No, no, Newsprint IS Dead

heads up: this is a pretty old post, it may be outdated.

Stanley Bing (Gil Schwartz) has written an article arguing that newspapers as we know them are not dead. Bing is a humor columnist for Fortune, so he takes his time to get to his point, which he presents as a list in his signature style. While I'd like to agree with Bing, I'm forced to face a more realistic, and sad, truth: print newspapers can't last. Let me address each of his points:

Bing's Reasons Why Newspapers Will Live

Joey's Response

I like newspapers. I look at a few every day and even read some of each; I like newspapers too, but that doesn't mean that they have a profitable business model (anymore).
I don't believe everything I read in the paper, but I'm interested in what they think is interesting; I'm interested in what journalists, who are experts in their field, have to say too. Yet, I can find the information much quicker, and from a greater variety of sources online. Multiple sources make it much easier for me to believe what I'm reading
Newspapers have been around a long time, from medieval days through the time of Horace Greeley and beyond. Radio didn't kill them. TV didn't kill them. The Internet will not kill them; um... are you seriously arguing that change isn't inevitable? Horses were the primary means of transportation for a few thousand years more than newspapers were a source of news. I don't drive to work in a horse.
If there were no newspapers, all we'd have is the Internet, whose capacity for the promulgating and dispensation of bulls**t is unparalleled; erm... all of the newspapers are online too, so unless the news suddenly becomes bullshit by posting it online, it's the same info you get in print.
I am NOT interested in a PERSONAL, daily e-mail informing me only of the stuff I pre-select as of interest to me. What's the pleasure in that? I agree, having to sort through an email or select out the news that you want to get is limiting and annoying ... that's why newspapers have whole sites online for you to read.
If we all had a euro for every article in some medium that declared another medium dead, we'd all be Europeans; Yea, sure. But trust me, no one writes on clay tablets anymore. Or, a more recent example: who uses a typewriter?
Aggregators can only aggregate content if there is content to aggregate. No content, no aggregators; Sure, we need content. No one's saying that the newspaper industry is going to cease to exist, just that it needs to evolve. Rapidly.
Contrary to popular belief, journalism is an actual profession that takes training, talent and skill, and one of the most rigorous and necessary places in which it's pursued is in newspapers; Totally agreed, journalism is a hard, and noble profession. So let's keep 'em around. Their product is going to look a bit different, but that's cool right?
89% of all citizen-journalists are just full of it. 32% of all stats are made up on the spot. Seriously though, no sane person is going to argue that journalism as a profession is coming to an end, just that it can stand to be democratized a little bit. It's impossible for journalists to be everywhere at once. Let's farm out some of the story-finding to the average joe. Half the time he can write perfectly well about the birth of 6 lambs in Podunk, Utah anyway.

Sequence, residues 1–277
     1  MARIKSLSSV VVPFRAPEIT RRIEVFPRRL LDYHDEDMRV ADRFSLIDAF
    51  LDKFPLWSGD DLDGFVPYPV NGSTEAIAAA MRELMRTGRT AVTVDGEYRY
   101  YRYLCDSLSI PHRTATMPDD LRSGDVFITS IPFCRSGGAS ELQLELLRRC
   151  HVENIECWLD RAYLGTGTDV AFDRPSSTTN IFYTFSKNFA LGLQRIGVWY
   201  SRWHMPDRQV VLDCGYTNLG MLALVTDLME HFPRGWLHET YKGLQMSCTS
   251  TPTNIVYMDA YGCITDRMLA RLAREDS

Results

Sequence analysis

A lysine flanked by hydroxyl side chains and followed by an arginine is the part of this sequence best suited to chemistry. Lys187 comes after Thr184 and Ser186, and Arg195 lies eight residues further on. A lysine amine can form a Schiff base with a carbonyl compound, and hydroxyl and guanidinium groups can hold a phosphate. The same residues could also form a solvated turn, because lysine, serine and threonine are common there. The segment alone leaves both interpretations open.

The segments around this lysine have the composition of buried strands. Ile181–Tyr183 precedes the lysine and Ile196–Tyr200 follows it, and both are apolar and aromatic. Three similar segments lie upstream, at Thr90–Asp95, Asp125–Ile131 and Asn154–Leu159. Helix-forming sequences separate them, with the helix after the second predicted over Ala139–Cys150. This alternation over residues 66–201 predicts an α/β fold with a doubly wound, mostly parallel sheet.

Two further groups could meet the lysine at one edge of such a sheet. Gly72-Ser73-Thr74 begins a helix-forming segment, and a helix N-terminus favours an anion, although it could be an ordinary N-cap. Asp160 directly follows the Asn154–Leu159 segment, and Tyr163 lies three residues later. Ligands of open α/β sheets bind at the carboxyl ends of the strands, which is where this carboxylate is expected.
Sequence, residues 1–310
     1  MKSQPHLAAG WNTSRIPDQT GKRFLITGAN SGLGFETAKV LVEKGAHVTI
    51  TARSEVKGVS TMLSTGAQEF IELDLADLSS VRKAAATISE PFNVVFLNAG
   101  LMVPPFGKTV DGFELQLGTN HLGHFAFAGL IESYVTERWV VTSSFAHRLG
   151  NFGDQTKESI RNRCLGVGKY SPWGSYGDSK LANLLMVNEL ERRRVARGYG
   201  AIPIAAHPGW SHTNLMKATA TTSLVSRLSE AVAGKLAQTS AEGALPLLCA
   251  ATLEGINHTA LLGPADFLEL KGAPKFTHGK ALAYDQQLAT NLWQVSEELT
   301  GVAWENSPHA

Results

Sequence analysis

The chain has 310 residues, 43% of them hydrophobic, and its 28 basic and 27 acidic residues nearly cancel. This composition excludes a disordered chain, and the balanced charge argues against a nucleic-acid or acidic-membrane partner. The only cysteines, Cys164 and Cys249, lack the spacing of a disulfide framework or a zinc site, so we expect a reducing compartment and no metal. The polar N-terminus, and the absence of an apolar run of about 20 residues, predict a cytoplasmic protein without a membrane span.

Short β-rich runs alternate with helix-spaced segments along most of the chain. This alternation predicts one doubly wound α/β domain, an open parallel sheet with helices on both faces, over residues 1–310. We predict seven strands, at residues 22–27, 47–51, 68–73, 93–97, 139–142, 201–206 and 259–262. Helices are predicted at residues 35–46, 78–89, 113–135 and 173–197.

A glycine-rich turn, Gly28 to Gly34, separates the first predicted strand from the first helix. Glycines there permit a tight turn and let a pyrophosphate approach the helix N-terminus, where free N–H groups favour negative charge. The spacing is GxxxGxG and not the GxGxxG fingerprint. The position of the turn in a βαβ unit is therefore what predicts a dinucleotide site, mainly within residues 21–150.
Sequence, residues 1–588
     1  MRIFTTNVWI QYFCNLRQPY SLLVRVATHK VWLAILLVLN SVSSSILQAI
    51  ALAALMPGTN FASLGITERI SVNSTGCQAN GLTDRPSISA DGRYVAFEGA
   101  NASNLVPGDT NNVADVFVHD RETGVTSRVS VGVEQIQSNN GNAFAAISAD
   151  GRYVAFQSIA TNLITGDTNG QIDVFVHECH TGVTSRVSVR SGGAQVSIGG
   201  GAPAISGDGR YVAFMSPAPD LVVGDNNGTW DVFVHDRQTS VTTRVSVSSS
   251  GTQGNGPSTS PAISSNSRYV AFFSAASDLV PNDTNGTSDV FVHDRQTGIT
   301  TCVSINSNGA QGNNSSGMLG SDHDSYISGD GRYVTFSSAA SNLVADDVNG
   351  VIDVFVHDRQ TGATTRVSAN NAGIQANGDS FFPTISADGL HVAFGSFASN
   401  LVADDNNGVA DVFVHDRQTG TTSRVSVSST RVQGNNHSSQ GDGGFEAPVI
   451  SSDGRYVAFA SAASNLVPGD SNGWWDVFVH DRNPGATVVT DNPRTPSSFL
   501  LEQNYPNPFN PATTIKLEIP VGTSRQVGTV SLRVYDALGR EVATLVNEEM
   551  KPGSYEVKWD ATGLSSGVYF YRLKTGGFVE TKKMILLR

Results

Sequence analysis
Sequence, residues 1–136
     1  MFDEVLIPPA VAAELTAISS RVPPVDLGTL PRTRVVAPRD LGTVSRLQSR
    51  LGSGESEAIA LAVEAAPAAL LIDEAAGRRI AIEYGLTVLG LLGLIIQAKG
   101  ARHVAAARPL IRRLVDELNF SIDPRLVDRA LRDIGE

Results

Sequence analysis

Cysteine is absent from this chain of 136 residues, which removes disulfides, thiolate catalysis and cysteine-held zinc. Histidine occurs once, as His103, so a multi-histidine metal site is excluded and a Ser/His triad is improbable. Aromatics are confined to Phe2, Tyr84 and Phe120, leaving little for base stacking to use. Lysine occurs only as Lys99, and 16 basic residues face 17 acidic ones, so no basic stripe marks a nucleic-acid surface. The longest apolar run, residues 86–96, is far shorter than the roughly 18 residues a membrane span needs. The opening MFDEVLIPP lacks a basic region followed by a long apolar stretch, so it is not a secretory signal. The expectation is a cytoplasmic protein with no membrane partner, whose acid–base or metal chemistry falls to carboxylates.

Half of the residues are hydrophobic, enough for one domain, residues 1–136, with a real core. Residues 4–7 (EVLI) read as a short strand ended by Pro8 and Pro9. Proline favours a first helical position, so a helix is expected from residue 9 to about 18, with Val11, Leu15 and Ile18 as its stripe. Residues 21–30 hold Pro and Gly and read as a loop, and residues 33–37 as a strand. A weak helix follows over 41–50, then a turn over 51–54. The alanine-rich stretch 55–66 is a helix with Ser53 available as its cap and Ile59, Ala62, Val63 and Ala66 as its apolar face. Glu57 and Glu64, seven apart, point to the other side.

source: [Life and Death in the Media Business | MediaCulture | AlterNet](

Bing also brings up a few points that he doesn't address in this list. He argues that both Rupert Murdoch and Sam Zell have recently bought major newspapers: the Wall Street Journal and the Tribune Co. respectively. These industry titans must be investing in newspapers for a reason.

→ Mr. Bing, I agree, they are investing for a reason. The news business will not die. There is an inherent need for the fourth estate; both for the sake of democracy and human curiosity. These rather smart business men are simply buying low so they can sell high.

Bing writes that his kids love reading newspapers; he hints that there is a need for something physical for a younger person to be able to understand it.

→ If Bing is arguing that his kids won't be able to satisfy their "obamamania" without newspapers, he's wrong. They can always get their news online. Faster. From more sources. More reliably – will they look to a newspaper to see who won on November 8th? More likely they will keep track of the election night online. Or at least on TV.

As to the need for something physical, that is a problem. So far, we have nothing better than print newspapers as a physical medium. Trust me, solutions are being worked on though. I like OLEDs.

Advertising dollars are down across the board, and according to Bing, and all the bad press that newspapers are getting means that advertisers are being scared away.

→ There's bad press for a reason. The media industry can be pretty stupid. Yet, I trust them enough to report that part of the industry is failing only if it actually is failing.

Ads may be down across the board, and that might partially explain the loss of ad revenue for newspapers, but there's no way the overall decrease is responsible for the drastic losses that newspapers are seeing. They've lost their crown jewel of advertising, the classifieds, to the internet. An overall slump in the graph should not equal a valley for the newspaper industry.

I've got a bad habit of not being able to read the vocal inflections that people try to convey with text, so I apologize if I've taken any of what Gill wrote too literally. However, the point is important, the print medium is dying. The unfortunate fact of the matter is that technology is not ready yet with a replacement. In the mean time, newspapers have to find a stop gap solution where they can exist online and still maintain a physical product.